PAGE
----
I am disquieted by the “me too” campaign that is going around social media. It involves people, mostly women, repeating a statement that they, too, have been subjected to sexual harassment or abuse. The apparent purpose of the “me too” campaign is to show just how pervasive sexual assault and harassment are. Another purpose is to lend support for, and, I suppose, credibility to the women who share their stories of sexual harassment and abuse.
Public testimony is an important element of having a message heard. But why must so many say what one voice should be able to say just as forcibly and believably? Yes, it happens all the time. I wrote about sexual harassment in the workplace a few years ago in a blog post titled Clarence Thomas, Bill Cosby, and the Absence of Memory. And though the personal episode of harassment I wrote about occurred many years ago when I was a law student, that was only the first of many such experiences. Me, one.
On the topic of the “me too” campaign, I find instructive a series of Tweets by Ijeoma Oluo:
<You don’t need my “me too” and I don’t need yours.
I believe you. Even if it’s only you.
It’s not only you. But you knew that. I knew that.
Because we believe women. If others don’t, they need to start. Not because it’s 100 women. Not because its 1 million women. Not because it’s 1 in 5 women. But because it’s each woman who says she was. Each one.
One woman should be enough.
The gendered history and weaponization of sexual assault aims to silence and shame you. It aims to keep your numbers from even being known.
I’m not coming for what y’all are doing. Or to force anyone to justify why. I’m saying you shouldn’t have to. Again.>>
I’m with Ijeoma Oluo.
I will also add to Ms. Oluo’s comments that, sadly, some women are complicit in this culture of silence around sexual assault and harassment. I have seen and experienced having sexual harassment used as a weapon by women who perfectly well know that it happens, but choose to ignore it, not out of fear, nor out of not knowing what to do, and not out of having no power to act. Rather, some women use sexual harassment as a way of hurting or marginalizing other women. For some women there is a grim satisfaction when the monster with the potential to harm us all catches one of us that is disliked or devalued by others. So it goes sometimes.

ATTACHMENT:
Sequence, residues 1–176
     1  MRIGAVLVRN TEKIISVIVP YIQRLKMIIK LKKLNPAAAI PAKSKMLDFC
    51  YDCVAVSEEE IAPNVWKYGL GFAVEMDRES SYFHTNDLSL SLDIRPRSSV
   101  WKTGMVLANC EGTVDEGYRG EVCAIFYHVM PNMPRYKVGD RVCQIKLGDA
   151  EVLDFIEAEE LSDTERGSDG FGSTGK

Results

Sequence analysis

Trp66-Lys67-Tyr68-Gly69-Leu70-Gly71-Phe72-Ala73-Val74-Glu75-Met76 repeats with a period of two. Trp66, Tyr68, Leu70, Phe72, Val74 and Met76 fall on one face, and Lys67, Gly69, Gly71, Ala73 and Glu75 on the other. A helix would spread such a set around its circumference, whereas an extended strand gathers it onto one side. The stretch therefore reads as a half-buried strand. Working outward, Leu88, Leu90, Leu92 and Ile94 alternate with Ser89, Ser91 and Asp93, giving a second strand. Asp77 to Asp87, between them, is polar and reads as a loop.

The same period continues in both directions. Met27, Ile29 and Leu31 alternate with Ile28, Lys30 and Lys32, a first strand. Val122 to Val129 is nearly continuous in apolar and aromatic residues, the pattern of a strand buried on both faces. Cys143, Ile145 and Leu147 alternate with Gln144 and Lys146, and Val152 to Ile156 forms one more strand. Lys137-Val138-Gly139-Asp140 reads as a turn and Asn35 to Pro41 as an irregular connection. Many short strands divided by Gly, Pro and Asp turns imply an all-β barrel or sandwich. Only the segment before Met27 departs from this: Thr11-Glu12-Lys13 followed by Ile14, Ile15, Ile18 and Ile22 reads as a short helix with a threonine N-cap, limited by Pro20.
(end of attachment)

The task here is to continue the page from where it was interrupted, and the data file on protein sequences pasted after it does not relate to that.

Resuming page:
Perhaps worse yet are the allegedly sympathetic friends who “want to believe you” when you tell them, but they have doubts, because “he’s such a nice man,” and “he never did that to me.” Only when they see it for themselves, or when it happens to someone they care about, does it dawn on them that you are a truth teller.
I wish us all the best in this campaign of shining light on the problem of sexual harassment and abuse. However, I think that we may need to consider some reframing of this notion of needing the voices of so many to show what one voice should be amply able to show. Because me, one.
(cross-posted from Ain’t I a Feminist Legal Scholar, Too?)